A 5,300-year-old ancient city was recently discovered at the Shuanghuaishu site in China. The ruins on the site cover an area in excess of 10 million square feet. Archaeologists believe that the site is one of the biggest tribal clusters of Yangshao culture from the middle and late stages. Yangshao culture refers to the culture that existed along the Yellow River during the Neolithic period. The Shuanghuaishu site is located in an area called Zhongyuan, a place that is considered to be the locus point of early Chinese civilization.
An ancient city
“The large settlement boasted layers of ring trenches and city walls. Researchers also uncovered more than 1,700 tombs that were neatly organized into three blocks, a rudimentary sanitation system, storehouses, and even a road system — all signs that the 5,300-year-old city was carefully designed,” according to All That’s Interesting.
In addition, the research team discovered what looked like the ruins of sacrificial platforms. These platforms were erected between the city’s residential areas. A set of clay pots were found, placed mysteriously in the shape of the Big Dipper, signaling that the residents already had knowledge of astronomy.
A boar tusk carving of a silkworm was also found, which is said to have become a national treasure. The carving is 2.5 inches long and 0.4 inches wide. This is believed to be the oldest carved depiction of silkworms in China, thus indicating that people in the region may have been breeding them and producing silk more than 5,000 years ago.
Despite being one of the earliest archaeological ruins discovered, the Shuanghuaishu site displays a settlement that is of a high standard, equal to the characteristics of a metropolis. Some experts call the site “the embryo of early Chinese civilization.” There are signs showing that the people who lived in the region moved away from a primitive form of equality to a stage where divisions of wealth and class started to be stressed. This probably is an indication of society shifting toward an early national civilization.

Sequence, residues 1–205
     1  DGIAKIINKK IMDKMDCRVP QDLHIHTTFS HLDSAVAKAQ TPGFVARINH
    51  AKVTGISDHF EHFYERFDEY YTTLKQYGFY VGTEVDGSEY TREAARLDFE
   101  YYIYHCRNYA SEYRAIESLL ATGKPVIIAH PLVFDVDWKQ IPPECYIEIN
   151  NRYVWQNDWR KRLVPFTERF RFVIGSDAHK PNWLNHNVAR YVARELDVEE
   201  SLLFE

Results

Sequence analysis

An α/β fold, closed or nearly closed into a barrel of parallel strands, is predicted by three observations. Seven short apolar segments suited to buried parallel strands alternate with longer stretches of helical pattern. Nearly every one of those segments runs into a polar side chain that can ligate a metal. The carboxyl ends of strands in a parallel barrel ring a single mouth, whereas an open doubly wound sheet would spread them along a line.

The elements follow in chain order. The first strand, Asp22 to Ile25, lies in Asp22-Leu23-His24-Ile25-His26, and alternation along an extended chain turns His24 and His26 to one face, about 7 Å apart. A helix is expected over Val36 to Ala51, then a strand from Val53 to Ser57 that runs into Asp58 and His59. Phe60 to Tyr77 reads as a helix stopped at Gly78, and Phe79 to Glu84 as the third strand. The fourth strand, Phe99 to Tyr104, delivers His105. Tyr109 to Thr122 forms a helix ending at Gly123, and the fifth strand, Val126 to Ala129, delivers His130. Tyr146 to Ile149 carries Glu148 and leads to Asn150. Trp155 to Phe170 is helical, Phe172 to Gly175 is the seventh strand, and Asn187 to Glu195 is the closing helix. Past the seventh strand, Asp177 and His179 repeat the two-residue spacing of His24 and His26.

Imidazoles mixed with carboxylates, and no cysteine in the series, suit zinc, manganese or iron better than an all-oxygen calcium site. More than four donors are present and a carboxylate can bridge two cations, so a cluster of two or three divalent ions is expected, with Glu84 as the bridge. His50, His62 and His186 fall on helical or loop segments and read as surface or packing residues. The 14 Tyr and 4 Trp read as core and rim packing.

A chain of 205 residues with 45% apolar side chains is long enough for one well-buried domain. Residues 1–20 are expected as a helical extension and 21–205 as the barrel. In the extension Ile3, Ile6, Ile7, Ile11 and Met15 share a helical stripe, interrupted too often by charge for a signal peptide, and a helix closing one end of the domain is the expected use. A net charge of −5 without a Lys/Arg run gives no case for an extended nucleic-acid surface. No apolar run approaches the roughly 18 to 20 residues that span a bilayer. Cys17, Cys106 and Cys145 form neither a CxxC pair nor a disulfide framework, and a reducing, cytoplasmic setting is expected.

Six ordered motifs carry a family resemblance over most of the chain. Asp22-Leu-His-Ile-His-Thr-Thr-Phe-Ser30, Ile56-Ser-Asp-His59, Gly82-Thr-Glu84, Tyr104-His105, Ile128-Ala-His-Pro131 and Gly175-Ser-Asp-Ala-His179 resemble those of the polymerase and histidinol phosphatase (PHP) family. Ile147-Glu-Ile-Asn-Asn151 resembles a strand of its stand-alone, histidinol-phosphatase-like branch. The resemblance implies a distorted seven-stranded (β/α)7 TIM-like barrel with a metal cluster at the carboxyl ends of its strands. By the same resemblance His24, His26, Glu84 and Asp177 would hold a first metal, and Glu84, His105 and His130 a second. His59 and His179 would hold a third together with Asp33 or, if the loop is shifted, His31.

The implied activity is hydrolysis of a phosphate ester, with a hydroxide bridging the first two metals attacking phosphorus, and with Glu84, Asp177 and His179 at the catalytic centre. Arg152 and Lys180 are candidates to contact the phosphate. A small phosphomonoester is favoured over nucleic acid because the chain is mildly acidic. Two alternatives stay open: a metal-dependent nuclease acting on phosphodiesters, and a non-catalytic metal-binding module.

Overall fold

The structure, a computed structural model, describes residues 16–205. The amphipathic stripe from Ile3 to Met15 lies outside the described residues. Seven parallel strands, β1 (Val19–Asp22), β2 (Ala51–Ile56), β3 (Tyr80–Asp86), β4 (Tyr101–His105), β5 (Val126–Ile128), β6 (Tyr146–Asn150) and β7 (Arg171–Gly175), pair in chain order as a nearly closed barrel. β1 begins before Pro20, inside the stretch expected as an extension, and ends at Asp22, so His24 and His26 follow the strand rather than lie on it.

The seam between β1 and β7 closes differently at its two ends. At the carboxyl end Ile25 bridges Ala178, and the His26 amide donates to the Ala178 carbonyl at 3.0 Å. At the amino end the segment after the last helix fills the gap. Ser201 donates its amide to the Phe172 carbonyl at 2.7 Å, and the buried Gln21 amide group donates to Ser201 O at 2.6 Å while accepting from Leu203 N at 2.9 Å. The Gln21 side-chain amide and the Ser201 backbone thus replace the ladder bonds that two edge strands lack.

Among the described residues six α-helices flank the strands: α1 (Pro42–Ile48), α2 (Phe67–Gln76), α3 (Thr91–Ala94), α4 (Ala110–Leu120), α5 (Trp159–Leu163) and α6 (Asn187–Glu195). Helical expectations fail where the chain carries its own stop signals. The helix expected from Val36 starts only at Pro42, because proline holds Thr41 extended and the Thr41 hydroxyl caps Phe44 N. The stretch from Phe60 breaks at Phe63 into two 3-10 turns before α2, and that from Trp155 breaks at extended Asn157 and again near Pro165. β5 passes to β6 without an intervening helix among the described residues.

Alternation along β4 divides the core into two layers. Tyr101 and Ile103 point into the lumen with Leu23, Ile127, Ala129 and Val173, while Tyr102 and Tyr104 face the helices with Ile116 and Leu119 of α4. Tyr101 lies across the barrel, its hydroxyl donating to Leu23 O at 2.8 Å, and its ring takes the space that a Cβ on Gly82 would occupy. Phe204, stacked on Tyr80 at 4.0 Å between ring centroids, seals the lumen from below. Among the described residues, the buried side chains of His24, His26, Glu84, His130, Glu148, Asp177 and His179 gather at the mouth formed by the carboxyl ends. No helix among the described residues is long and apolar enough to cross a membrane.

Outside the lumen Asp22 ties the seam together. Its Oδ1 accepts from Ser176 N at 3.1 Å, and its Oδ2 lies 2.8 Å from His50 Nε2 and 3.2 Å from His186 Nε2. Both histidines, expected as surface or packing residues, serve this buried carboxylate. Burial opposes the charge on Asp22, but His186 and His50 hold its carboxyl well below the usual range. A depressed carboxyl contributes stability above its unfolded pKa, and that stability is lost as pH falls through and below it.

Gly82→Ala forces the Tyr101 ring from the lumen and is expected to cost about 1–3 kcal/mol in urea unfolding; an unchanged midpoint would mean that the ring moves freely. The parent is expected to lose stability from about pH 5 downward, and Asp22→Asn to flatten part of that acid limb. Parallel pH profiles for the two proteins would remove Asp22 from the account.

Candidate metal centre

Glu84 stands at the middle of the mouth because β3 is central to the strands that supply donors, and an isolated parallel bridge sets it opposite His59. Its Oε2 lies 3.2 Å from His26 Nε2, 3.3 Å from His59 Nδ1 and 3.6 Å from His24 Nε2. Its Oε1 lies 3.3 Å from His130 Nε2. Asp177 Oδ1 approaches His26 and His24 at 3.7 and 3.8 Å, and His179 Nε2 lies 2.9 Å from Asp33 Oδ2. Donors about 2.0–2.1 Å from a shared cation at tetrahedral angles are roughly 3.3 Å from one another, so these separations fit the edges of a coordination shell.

Top Chinese historical sites
The terracotta army at Xi’an is a must-visit historical site in China. Covering an area of more than 236,000 square feet, it is home to about 8,000 life-size soldiers and horses. Over 10,000 bronze weapons have also been dug out from three pits. The site is basically the biggest underground military museum in the world and easily a candidate for the title of one of the seven wonders of the world. The tomb was constructed over 2,200 years ago by about 700,000 laborers. The tomb belongs to the legendary Emperor Qin Shi Huang. All terracotta soldiers face east, the direction of Emperor Qin’s enemies in those times.
The Mogao Caves in Dunhuang are famous for being the home of about 500 Buddhist temples. The first caves were dug out way back in the 4th century A.D. The caves are graced by Buddhist art spanning about 1,000 years. Almost all major types of art can be found in the caves, including wall paintings, woodblock printings, stucco sculptures, embroideries, silk paintings, and so on. Extensive murals cover the caves, running over a surface 40 times greater than that of the Sistine Chapel. When art historian Langdon Warner wanted to describe the Dunhuang caves, he could only say that: “There is nothing to do but gasp.”